Thursday, September 15, 2011


at the New Wolsey Theatre Ipswich

Rolan Bolan, “sad-eyed son of a legendary superstar” flies to London in search of the father he never knew. Along the way he meets a colourful parade of family, friends, producers and predators, and finds closure of a sort on a pilgrimage to the sycamore shrine.
Gary Lloyd's strikingly staged production successfully recreates the experience, visual and musical, of Marc Bolan in performance. Patrick Connellan's set has 36 tv screens, a scarlet diagonal river, two stairs and a box at the back for the band. There are some superb back projection sequences – the psychedelic wooing of June in her VW, for instance – and imaginative stagings, such as the Cosmic Dancer duet. Among the more memorable moments were the head-banging Desdemona, with the blood and sparks only on the screen, alas, and the last encore, with the fans cheering on their feet as if we were still in the 70s.
George Maguire's Bolan was an amazing reincarnation. Not quite as beautiful as the original, maybe, but he caught the elfin mischief and the preening bullshitter to perfection. And of course was totally convincing musically as well.
He was strongly supported by a talented team of actor-musicians. It was a while before Craig Storrod, as Rolan, was given anything interesting to do, but he proved a pleasing singer, moving in the final pages. Gloria Jones, Rolan's mother, the driver in the fatal car crash, who finds her son's search cathartic, too, was powerfully played by Donna Hines. June Child – Mrs Bolan – was Jenna Lee-James, and there was an excellent Helen Shapiro cameo from impressive newcomer Katie Bernstein.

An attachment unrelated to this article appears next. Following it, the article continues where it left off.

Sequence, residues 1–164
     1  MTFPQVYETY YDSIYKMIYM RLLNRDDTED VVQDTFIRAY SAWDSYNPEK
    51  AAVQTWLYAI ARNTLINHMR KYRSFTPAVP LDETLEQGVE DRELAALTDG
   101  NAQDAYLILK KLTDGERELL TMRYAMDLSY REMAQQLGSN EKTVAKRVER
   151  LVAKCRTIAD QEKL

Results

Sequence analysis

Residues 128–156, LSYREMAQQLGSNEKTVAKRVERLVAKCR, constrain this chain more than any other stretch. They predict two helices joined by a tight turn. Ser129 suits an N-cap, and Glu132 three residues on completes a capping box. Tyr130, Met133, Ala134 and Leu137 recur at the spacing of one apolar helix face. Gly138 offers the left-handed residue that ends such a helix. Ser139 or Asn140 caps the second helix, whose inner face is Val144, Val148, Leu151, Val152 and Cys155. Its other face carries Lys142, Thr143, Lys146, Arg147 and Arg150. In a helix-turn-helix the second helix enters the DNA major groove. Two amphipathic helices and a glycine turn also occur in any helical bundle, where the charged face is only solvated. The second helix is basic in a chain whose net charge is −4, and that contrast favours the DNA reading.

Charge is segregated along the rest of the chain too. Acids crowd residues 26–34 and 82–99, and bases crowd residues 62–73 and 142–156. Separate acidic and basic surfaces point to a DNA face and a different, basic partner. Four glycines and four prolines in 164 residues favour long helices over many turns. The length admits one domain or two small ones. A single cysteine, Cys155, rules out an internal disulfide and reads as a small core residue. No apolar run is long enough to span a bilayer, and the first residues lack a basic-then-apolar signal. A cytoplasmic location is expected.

Despite the nostalgic touches – the Test Card, flying ducks, Davy Crockett hat – the book did not match the musical tribute. The actors were often left mouthing clichés that got us no nearer to understanding their lives and their loss. They brought considerably versatility to a gallery of stereotypes [all real people from the era] – Actor Laddie, camp impresario, gobby roadie – which were often amusing without being very plausible. John Peel, alas, was merely a disembodied voice.
The show worked best for me when the music was integrated into the narrative – London Boys, say, or the wonderful Dandy in the Underworld. Elsewhere, like many a juke-box musical before it, it simply recreates the T Rex experience for the fans. And they were certainly not short-changed: two LPs worth from the catalogue, all performed with zest and Seventies stylishness.
If you liked Bolan, you'll love this. But did we say of Amadeus, a couple of years after Bolan's tragically early demise, if you like Mozart, you'll love this ?

production photograph: Mike Kwasniak
this piece first appeared on The Public Reviews

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